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When Government Builds a Business

Friday July 31st, 2015   •   Posted by Craig Eyermann at 6:37am PDT   •  

saupload_obamacare What if the U.S. federal government were to build a brand-new business from scratch? Would it, with the full backing of the resources of the U.S. government, be an unparalleled success? Or would it — because none of the people who work for the government are really smart enough, capable enough, or competent enough to run anything well — be doomed to fail?

Thanks to the Affordable Care Act, which is most popularly known as “ObamaCare”, we now have the answers to these questions! The Associated Press reports on how well the U.S. government’s experiment to create 23 brand-new non-profit health-insurance businesses called “Consumer Operated and Oriented Plans“, or “CO-OPS”, is going:

WASHINGTON – Nonprofit co-ops, the health care law’s public-spirited alternative to mega-insurers, are awash in red ink and many have fallen short of sign-up goals, a government audit has found.

Under President Barack Obama’s overhaul, taxpayers provided $2.4 billion in loans to get the co-ops going, but only one out of 23 — the one in Maine — made money last year, said the report out Thursday. Another one, the Iowa/Nebraska co-op, was shut down by regulators over financial concerns.

The audit by the Health and Human Services inspector general’s office also found that 13 of the 23 lagged far behind their 2014 enrollment projections.

The probe raised concerns about whether federal loans will be repaid, and recommended closer supervision by the administration as well as clear standards for recalling loans if a co-op is no longer viable. Just last week, the Louisiana Health Cooperative announced it would cease offering coverage next year, saying it’s “not growing enough to maintain a healthy future.” About 16,000 people are covered by that co-op.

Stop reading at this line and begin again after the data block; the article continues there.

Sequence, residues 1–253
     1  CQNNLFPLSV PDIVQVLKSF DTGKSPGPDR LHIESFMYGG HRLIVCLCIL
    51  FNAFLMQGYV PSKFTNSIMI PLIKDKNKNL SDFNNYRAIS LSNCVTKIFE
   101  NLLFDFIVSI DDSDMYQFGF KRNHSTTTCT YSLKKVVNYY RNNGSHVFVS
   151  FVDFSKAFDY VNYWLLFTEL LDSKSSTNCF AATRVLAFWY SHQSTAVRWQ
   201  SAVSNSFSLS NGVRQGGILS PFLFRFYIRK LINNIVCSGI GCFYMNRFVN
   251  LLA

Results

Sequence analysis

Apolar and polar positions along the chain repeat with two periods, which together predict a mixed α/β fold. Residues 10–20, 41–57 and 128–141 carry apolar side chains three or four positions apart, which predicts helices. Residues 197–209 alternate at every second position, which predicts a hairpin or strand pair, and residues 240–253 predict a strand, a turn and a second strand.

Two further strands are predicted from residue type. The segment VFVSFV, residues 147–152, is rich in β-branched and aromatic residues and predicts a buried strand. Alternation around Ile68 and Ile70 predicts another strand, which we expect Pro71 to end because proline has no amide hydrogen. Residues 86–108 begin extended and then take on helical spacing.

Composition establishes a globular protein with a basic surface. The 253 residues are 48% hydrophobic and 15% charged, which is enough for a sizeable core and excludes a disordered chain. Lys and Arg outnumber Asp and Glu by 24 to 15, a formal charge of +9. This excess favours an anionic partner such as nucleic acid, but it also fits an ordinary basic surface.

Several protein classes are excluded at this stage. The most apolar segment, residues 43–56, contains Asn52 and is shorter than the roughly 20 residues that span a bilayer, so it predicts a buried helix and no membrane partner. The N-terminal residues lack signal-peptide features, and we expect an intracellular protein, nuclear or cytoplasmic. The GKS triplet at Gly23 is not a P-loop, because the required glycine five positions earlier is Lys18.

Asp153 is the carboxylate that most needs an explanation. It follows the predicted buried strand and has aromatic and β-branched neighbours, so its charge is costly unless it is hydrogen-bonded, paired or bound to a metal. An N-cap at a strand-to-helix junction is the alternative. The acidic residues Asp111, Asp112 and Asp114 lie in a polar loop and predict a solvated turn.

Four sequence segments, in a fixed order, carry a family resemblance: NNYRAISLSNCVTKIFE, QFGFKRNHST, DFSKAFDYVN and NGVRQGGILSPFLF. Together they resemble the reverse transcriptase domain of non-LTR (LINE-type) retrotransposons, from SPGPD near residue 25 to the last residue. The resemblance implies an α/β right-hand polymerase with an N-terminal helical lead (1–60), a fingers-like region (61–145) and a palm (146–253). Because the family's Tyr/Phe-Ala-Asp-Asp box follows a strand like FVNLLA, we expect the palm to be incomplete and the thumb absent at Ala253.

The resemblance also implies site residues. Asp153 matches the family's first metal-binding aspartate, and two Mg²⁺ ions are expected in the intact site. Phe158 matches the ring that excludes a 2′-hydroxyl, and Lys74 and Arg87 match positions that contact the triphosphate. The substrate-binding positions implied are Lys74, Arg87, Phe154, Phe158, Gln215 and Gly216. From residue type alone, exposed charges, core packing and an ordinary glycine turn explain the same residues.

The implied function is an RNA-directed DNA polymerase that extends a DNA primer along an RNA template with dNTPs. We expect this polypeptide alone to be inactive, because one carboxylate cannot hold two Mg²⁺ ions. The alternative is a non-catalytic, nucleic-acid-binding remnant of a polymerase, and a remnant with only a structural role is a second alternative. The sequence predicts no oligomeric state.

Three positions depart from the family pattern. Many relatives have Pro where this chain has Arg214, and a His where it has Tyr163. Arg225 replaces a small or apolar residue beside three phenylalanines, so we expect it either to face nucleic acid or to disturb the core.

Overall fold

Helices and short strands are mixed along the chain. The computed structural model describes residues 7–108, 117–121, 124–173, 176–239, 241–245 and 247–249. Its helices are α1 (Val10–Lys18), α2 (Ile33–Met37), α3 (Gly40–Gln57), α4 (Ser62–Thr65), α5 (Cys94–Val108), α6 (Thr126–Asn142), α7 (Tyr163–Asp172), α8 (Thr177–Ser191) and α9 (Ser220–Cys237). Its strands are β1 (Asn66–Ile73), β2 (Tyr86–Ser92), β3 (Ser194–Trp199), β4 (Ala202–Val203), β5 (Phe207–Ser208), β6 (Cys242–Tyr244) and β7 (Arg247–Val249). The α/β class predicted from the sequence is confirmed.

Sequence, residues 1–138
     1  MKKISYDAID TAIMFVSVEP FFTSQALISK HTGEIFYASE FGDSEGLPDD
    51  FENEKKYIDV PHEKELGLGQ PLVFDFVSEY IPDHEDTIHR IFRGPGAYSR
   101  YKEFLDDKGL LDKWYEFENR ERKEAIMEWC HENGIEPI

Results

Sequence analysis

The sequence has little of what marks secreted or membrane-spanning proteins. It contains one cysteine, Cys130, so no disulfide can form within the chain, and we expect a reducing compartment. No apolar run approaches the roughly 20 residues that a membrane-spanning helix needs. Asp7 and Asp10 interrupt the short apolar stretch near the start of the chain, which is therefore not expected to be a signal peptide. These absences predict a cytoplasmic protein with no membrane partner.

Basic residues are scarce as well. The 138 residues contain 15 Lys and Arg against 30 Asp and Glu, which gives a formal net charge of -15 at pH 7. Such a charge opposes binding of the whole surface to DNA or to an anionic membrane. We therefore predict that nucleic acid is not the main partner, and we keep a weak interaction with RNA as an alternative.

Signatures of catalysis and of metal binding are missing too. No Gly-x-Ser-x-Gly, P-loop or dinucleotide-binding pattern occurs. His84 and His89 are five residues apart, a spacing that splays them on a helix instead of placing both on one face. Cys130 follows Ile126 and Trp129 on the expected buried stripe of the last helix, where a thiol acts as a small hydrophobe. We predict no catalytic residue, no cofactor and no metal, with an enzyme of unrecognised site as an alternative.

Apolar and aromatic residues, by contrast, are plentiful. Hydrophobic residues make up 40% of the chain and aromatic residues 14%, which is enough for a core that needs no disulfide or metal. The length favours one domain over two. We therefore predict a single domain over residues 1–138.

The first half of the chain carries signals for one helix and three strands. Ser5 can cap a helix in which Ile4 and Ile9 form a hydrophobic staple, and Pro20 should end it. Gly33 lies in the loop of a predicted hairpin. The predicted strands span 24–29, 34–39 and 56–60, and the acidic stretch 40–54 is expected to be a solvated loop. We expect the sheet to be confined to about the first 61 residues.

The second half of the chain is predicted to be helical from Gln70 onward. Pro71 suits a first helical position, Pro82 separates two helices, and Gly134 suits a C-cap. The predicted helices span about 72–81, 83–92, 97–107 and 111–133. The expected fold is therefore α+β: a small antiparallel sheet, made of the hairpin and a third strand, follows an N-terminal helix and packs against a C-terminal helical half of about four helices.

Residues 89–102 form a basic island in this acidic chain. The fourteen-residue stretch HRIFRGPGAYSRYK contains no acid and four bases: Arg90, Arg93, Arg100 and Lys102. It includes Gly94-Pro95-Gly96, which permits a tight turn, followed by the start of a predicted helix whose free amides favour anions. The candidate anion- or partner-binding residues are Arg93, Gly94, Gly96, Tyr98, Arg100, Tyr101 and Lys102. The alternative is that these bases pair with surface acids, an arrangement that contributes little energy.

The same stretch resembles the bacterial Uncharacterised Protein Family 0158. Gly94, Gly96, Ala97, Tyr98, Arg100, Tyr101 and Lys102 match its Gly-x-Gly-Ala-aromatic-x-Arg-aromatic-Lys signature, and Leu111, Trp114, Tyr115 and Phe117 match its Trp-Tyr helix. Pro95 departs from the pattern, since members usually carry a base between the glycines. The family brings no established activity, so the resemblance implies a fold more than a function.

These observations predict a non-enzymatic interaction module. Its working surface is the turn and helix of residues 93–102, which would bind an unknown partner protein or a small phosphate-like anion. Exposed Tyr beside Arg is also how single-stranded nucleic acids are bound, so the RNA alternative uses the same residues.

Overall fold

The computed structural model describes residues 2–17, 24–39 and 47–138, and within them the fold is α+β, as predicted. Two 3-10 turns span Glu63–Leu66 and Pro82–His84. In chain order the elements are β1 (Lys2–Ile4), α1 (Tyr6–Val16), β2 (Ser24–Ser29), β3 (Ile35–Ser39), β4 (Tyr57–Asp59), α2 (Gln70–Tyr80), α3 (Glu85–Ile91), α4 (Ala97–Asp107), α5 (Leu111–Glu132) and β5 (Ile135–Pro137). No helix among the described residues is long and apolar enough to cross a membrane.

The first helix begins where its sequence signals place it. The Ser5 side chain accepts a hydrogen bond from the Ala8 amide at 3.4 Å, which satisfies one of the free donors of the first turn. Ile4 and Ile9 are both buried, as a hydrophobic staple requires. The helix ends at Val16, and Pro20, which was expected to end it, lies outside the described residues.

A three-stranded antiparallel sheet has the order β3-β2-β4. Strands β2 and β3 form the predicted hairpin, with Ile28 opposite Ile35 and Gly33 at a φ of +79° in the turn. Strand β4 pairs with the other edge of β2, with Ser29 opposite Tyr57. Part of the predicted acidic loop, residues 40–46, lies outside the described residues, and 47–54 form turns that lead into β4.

“The low enrollments and net losses might limit the ability of some co-ops to repay startup and solvency loans, and to remain viable and sustainable,” said the audit report. A copy was provided to The Associated Press.

To correct the AP’s reporting, we should note that since the U.S. government has been running large deficits without interruption for years, no money collected from U.S. taxpayers was used to fund these poorly considered non-profit ventures, as the U.S. government instead borrowed the money to “invest” in these 23 brand-new non-profit businesses, of which 22 are failing.

But rest assured that the Obama administration’s top people understand what they’re doing and are on top of the situation!

In a written response to the audit, Medicare chief Andy Slavitt said the administration agrees with the findings as well as the IG’s recommendations for closer oversight and clearer standards. He also offered a defense of the co-ops, saying they don’t have an easy job.

“The co-ops enter the health insurance market with a number of challenges, (from) building a provider network to pricing premiums that will sustain the business for the long term,” Slavitt said. “As with any new set of business ventures, it is expected that some co-ops will be more successful than others.”

The administration “takes its responsibility to oversee the co-op program seriously,” he said.

Ah yes, the “solution” to making 22 businesses that only have to break even to remain solvent and be successful is the adoption of clearer standards and more government oversight. What could possibly go wrong?

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July 2015